“We must always take sides. Neutrality helps the oppressor, never the victim. Silence encourages the tormentor, never the tormented. Sometimes we must interfere. When human lives are endangered, when human dignity is in jeopardy, national borders and sensitivities become irrelevant. Wherever men or women are persecuted because of their race, religion, or political views, that place must — at that moment — become the center of the universe.” (Elie Wiesel)

*reposted from the Goddard MFAW blog: thewriterintheworld.com

The Radical Imagination

Post State of the Union, the speech that is still sounding in my mind is one that was given back in November: Ursula Le Guin’s address at the National Book Award ceremony. Yes, she chided us for selling books “like deodorant,” but these are the words that are resonating in me:

“Hard times are coming, when we’ll be wanting the voices of writers who can see alternatives to how we live now, can see through our fear-stricken society and its obsessive technologies to other ways of being, and even imagine real grounds for hope. We’ll need writers who can remember freedom – poets, visionaries – realists of a larger reality.”

We will need writers who can remember freedom.

CommonsenseChilling thought, especially in a country that purports to be founded on freedom. Our America was to be a new world where human rights were declared and held inalienable. And if that world, sadly, has never yet existed; if the gap between what we want to believe we are and how we actually act is huge and filled with death, torture, slavery, incarceration, brutality, poverty, inequity and fear…it is worth remembering that it was a pamphlet that helped spark the American Revolution: words on a page that conveyed a vision of freedom and individual worth so compelling that people gave their lives for it.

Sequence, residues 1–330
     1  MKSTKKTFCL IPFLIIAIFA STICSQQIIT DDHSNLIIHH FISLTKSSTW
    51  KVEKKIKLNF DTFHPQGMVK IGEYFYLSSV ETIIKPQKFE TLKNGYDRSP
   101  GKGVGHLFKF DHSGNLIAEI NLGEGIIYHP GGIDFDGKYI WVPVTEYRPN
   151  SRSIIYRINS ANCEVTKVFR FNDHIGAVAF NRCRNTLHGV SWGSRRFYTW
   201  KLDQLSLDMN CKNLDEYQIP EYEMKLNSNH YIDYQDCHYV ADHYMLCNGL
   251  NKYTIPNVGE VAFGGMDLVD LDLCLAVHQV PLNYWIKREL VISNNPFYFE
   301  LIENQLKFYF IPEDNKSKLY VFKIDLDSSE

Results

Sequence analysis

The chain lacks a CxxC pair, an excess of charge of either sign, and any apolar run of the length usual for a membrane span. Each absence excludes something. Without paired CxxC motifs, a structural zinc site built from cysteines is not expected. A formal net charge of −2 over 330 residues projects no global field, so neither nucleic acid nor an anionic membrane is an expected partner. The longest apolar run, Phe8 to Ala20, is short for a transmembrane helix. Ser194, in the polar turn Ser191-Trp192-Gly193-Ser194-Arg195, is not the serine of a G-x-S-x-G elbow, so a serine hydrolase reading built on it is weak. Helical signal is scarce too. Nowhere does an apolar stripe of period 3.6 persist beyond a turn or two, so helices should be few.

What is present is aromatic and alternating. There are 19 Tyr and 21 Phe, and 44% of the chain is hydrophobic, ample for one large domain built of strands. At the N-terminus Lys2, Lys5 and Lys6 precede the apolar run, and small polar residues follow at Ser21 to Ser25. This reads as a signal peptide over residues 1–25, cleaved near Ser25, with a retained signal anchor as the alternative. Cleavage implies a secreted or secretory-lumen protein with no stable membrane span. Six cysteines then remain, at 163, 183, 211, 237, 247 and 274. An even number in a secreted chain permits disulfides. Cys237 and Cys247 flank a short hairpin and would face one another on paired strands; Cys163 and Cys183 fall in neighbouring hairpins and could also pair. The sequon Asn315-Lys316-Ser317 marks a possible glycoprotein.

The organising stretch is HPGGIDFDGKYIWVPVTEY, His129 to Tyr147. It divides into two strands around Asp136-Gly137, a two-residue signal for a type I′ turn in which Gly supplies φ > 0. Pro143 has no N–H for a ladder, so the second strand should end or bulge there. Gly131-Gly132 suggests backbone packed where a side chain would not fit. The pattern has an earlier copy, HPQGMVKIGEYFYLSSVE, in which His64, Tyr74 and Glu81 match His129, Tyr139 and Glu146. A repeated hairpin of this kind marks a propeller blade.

Le Guin reminded us that, “Any human power can be resisted and changed by human beings. Resistance and change often begin in art.” Art, after all, is the manifestation of our radical imagination; our means of sharing our vision of a better world.

Writers: If you remember freedom and do not see it around you, start writing. Write about whatever feels urgent to you. It might be family or fantasy; it might be poetry or a post-apocalyptic dystopian TV show. Your truths will resonate, and you will go on record: contributing your vision, no matter how shrouded in metaphor, how personal, to the formation of our collective future. You are change: good or bad, loud or silent.  Your choice matters.  And if you write because you care and not to be the next best brand of deodorant; if you are fearless in your truths; you can change the world.